ESCI 1/72 Tu-22M 'Backfire'

KIT #: 9071
PRICE: $30.00 when new
DECALS: Three options
REVIEWER: Spiros Pendedekas
NOTES: Re-released by Italeri in 2003

The Tu-22M "Backfire" (reported as being designated Tu-26 by western intelligence at one time), is a supersonic, variable-sweep wing, long-range strategic and maritime strike bomber developed by the Tupolev Design Bureau in the 1960s. During the Cold War, it was operated by the Soviet Air Forces (VVS) in a missile carrier strategic bombing role, and by the Soviet Naval Aviation (Aviatsiya Voyenno-Morskogo Flota, AVMF) in a long-range maritime anti-shipping role. As of 2021, there were 66 of the aircraft in service.

Esci came in 1989 with its 1/72 Tu-22M/Tu-26 “B” (the M2 version, featuring “F-4” style intakes), followed by the “C” (the M3 version, with the “F-14” style intakes) soon after. These kits were occasionally reboxed through the years by AMT who had bought Esci, with the latest reboxing being the 2003 “M3” version by Italeri.
These were not bad kits, especially for the times, featuring good molding, adequate detail and, despite the model’s size, offered a quite pleasant, uncomplicated build. The lack of accuracy in areas was not an uncommon trait for USSR models of that era, since access to aircraft details was minimal, with the kit designers working with whatever scarce reference thay had available and, nevertheless, this kit is not a totally inaccurate rendition, looking the part for sure.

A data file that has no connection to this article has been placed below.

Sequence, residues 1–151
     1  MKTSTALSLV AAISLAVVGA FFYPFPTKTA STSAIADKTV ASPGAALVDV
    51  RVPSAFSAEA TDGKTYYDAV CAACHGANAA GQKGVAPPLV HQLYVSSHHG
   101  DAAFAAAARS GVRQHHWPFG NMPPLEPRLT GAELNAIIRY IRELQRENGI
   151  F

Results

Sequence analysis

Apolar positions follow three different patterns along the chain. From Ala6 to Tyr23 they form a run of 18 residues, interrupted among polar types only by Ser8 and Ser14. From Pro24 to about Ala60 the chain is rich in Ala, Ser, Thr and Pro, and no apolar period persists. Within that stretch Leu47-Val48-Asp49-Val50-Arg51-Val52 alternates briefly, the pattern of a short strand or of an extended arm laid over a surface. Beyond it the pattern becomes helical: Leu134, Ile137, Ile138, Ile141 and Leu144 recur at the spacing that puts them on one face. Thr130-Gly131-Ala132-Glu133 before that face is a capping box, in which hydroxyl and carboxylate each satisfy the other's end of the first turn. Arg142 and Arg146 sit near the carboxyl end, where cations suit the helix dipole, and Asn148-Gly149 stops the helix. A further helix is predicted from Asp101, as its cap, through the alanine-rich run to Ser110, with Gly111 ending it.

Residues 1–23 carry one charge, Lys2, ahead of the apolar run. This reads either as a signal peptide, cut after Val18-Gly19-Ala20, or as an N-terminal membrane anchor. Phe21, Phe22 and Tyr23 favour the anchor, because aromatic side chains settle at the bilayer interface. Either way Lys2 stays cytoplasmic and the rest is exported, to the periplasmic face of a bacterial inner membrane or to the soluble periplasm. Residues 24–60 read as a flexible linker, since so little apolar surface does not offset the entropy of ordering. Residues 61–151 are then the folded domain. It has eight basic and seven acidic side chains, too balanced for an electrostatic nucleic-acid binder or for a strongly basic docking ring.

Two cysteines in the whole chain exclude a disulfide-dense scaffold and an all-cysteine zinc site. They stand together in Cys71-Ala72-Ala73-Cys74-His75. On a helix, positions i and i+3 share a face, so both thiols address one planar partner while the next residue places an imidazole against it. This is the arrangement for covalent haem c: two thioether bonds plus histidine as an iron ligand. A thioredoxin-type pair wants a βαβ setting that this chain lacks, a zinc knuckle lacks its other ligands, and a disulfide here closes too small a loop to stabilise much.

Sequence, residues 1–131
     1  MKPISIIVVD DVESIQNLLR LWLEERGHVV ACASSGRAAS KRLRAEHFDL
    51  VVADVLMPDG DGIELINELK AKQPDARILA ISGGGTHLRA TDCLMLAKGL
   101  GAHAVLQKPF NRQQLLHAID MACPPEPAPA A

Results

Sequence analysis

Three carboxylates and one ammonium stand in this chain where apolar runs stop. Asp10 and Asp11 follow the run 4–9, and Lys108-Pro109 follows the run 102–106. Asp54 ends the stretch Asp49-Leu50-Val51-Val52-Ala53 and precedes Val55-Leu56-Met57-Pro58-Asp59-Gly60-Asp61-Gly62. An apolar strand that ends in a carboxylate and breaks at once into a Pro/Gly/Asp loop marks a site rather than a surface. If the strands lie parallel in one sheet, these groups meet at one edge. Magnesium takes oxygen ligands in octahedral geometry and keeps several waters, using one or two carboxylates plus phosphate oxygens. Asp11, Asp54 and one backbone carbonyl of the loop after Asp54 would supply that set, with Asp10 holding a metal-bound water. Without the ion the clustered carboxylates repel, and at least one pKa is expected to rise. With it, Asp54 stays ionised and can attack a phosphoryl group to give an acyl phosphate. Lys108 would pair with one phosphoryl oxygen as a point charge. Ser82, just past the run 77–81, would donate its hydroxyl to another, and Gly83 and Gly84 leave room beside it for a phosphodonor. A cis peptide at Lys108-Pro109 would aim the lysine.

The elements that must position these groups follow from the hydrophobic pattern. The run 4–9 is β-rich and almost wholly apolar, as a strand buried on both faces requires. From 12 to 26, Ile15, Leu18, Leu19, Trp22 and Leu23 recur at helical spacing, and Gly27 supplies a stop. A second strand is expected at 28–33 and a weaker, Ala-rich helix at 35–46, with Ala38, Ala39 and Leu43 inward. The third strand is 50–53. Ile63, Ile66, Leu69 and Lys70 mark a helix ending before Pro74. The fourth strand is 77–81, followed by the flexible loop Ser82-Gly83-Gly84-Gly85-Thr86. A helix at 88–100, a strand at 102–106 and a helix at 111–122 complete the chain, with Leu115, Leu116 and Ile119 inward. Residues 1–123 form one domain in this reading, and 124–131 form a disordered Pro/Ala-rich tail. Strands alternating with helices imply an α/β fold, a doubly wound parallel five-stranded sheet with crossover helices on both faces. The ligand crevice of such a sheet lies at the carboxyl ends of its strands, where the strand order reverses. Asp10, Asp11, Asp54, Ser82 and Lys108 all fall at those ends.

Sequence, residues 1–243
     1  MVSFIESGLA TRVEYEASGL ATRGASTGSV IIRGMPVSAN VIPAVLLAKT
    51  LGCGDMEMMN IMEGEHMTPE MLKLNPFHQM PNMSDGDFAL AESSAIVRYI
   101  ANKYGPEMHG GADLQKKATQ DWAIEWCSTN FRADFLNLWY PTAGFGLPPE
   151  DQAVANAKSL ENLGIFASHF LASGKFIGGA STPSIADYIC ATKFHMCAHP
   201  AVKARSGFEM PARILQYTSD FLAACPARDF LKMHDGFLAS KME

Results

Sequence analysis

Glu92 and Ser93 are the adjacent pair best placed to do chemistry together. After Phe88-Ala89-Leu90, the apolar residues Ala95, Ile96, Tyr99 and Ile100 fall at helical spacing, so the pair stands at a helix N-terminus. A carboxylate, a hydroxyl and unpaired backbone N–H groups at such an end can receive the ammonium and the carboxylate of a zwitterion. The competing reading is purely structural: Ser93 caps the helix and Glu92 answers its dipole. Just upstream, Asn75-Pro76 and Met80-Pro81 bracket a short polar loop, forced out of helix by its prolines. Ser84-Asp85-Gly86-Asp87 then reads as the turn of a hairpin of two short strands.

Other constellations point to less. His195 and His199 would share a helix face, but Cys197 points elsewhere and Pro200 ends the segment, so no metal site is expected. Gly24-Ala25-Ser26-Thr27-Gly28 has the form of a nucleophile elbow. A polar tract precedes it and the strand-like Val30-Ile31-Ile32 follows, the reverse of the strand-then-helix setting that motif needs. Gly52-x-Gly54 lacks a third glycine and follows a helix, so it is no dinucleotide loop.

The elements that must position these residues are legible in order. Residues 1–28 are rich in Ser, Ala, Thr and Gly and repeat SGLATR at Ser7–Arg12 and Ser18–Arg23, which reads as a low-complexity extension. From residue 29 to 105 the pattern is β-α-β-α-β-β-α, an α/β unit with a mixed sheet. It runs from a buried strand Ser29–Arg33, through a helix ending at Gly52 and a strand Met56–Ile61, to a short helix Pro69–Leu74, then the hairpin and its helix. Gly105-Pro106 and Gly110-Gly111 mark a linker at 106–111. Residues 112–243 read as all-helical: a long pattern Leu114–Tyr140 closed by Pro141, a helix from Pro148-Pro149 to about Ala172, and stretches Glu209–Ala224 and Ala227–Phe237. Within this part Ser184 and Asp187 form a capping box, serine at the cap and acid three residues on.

The specific kit is the late 90’s “C” version, bought from a (sadly now closed) Athens hobby shop at the reasonable price of $30 back then. The kit comes in a big, relatively flimsy top opening box, with its box art depicting an example banking lightly to the left. 
Upon opening the box, I was greeted with around 100 light gray styrene parts arranged in four sprues, with the lower fuselage part provided separately. Of them the three sprues are common with both kit versions, whereas the fourth smaller one caters for the intakes and nose of the specific one. Molding is quite crisp with no flash noted. Panel lines are recessed and tad on the deep side. General shapes of parts and external details, including panel lines patterns, while definitely not confused with anything else but a Tu-22M, are in areas not totally accurate and this mainly has to do with the aforementioned restricted info the kit designers had on hand at those times.

Cockpit is quite simplistic, featuring only seats, yokes and instrument panels (their faces are represented by good looking decals and also decals are used for the seat belts), with all above elements being generic representations of the originals. Luckily, once the canopy is attached, whatever will be visible would look nicely busy. Landing gear is adequately rendered, with the bays and doors featuring some generic molded-on detail, which is better than total blandness.